system. In general, we don't classify a copy-on-write file system like
ZFS as a log-structured file system.
> When we modify a node, one possibility is to write
> b-tree blocks back to the root to unallocated space. The other possibility
> is to write just one block to new space and mark it in superblock as
> "redirected" from the old location. When the array of redirected blocks
> fills up, write all b-tree blocks up to the root and erase the array of
> redirected blocks (this will improve performance because you don't have to
> write the full path up to root on every block update).
> Another question is, where the superblock should be located. Just one
> superblock at the beginning would be bad for disk seeks, maybe have
> superblock at each disk track (approximatelly ... we don't know where the
> tracks area), use some sequence counter to tell which one is the newest,
> and write to the one that is near to the data.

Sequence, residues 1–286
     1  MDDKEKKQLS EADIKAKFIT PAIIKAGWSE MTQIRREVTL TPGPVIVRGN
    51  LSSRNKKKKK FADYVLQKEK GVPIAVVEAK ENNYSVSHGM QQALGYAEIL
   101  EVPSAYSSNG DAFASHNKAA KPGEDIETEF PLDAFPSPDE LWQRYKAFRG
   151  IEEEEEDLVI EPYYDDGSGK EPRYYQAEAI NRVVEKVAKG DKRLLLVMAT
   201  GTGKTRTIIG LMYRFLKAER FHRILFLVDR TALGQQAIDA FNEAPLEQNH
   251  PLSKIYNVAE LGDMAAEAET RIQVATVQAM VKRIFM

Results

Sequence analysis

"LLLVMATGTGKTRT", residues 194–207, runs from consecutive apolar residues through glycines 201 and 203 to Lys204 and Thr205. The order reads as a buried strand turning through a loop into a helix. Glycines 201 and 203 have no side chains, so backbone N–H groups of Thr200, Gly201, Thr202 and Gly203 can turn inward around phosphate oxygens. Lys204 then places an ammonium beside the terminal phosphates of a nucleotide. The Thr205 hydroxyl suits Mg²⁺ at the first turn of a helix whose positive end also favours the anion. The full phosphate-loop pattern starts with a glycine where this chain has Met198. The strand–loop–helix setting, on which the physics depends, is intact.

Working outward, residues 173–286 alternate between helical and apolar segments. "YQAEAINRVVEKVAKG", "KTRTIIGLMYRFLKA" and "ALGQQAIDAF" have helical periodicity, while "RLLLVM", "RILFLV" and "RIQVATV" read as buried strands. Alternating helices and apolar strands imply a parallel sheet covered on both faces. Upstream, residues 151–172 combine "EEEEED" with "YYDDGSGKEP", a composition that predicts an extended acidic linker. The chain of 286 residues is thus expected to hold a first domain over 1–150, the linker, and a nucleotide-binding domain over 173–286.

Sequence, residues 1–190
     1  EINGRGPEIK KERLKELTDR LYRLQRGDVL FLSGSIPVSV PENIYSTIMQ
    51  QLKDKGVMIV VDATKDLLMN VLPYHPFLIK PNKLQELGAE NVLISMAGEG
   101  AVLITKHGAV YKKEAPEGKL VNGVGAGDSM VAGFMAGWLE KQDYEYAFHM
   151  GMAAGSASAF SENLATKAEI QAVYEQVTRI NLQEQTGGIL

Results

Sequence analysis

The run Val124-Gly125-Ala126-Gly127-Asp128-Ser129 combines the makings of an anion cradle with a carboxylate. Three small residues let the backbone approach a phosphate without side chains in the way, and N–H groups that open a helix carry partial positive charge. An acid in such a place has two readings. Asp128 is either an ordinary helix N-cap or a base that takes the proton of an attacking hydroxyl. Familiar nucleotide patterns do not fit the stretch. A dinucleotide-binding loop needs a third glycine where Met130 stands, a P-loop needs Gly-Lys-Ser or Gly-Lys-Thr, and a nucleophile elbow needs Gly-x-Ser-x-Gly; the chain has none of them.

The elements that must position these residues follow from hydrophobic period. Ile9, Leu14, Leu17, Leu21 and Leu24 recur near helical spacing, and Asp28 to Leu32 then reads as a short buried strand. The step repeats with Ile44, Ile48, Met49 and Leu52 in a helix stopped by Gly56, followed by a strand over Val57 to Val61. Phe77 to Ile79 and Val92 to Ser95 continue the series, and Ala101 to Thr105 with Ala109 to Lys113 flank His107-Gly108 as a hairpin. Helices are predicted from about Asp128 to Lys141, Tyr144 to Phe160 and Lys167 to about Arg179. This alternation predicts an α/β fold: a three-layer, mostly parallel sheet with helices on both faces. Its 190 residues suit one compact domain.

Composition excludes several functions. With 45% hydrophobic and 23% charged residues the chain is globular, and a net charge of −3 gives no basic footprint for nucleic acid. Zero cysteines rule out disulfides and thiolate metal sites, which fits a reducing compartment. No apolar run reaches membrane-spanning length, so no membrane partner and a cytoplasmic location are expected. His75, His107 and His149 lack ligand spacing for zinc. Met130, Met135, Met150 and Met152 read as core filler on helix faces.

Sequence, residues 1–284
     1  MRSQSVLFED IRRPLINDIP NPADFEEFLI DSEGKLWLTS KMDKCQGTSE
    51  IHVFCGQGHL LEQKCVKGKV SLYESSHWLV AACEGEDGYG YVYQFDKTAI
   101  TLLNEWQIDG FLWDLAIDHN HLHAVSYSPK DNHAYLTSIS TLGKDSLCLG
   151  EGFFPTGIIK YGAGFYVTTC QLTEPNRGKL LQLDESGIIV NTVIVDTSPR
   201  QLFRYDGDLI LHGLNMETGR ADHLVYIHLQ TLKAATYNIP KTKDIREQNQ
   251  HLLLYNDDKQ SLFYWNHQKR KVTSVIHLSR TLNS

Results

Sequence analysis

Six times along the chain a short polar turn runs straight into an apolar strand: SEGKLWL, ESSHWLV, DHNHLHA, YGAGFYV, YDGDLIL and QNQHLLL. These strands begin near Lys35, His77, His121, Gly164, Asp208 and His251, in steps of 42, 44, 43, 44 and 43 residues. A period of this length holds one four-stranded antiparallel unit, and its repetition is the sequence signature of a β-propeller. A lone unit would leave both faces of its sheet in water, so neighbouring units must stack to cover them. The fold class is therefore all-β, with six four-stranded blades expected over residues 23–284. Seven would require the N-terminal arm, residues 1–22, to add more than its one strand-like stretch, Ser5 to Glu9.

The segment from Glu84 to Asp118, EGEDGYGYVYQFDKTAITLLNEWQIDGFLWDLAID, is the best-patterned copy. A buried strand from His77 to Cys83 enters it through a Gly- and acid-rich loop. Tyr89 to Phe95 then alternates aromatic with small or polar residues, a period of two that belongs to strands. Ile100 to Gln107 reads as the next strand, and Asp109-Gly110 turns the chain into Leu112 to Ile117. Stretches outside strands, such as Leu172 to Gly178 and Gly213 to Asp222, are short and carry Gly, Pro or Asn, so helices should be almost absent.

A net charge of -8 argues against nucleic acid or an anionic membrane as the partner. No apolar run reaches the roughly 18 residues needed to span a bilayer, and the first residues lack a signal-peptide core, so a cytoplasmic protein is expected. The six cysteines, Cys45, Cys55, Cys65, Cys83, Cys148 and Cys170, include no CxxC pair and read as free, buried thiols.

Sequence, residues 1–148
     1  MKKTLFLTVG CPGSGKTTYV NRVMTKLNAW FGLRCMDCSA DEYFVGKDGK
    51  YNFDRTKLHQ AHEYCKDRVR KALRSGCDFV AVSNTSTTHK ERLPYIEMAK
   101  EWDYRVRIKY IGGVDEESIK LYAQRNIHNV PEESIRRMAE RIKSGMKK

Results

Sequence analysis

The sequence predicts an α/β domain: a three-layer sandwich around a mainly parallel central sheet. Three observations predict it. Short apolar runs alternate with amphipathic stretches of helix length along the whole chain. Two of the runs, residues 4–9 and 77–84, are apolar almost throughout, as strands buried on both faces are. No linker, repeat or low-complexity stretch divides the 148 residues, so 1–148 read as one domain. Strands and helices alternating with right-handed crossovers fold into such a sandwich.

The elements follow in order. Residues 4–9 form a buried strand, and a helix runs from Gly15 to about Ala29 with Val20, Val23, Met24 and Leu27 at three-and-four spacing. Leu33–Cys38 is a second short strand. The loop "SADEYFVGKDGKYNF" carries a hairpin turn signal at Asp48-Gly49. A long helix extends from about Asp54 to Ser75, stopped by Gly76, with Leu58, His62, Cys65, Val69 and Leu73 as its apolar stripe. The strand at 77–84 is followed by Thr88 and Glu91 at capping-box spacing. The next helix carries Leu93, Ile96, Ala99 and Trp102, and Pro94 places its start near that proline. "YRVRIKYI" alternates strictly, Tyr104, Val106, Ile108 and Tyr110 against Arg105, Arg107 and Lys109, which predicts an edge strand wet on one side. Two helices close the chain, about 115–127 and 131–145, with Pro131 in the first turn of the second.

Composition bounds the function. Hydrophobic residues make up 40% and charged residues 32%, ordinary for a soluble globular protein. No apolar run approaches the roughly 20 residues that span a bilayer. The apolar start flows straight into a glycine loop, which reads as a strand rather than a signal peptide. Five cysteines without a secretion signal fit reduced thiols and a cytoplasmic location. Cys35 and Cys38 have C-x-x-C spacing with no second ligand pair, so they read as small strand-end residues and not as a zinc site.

> > Another option is using journaling as I wrote.
> > > - deleting the snapshot --- this needs to walk the whole b-tree --- it is
> > > slow. Keeping another b-tree of chunks belonging to the given snapshot
> > > would be overkill. I think the best solution would be to split the device
> > > into large areas and use per-snapshot bitmap that says if the snapshot has
> > > some exceptions allocated in the pertaining area (similar to the
> > > dirty-bitmap of raid1). For short lived snapshots this will save walking
> > > the b-tree. For long-lived snapshots there is no help to speed it up...
> > > But delete performance is not that critical anyway because deleting can be
> > > done asynchronously without user waiting for it.
> > Yeah, it would be nice to delete a snapshot really quickly but it's
> > not a must.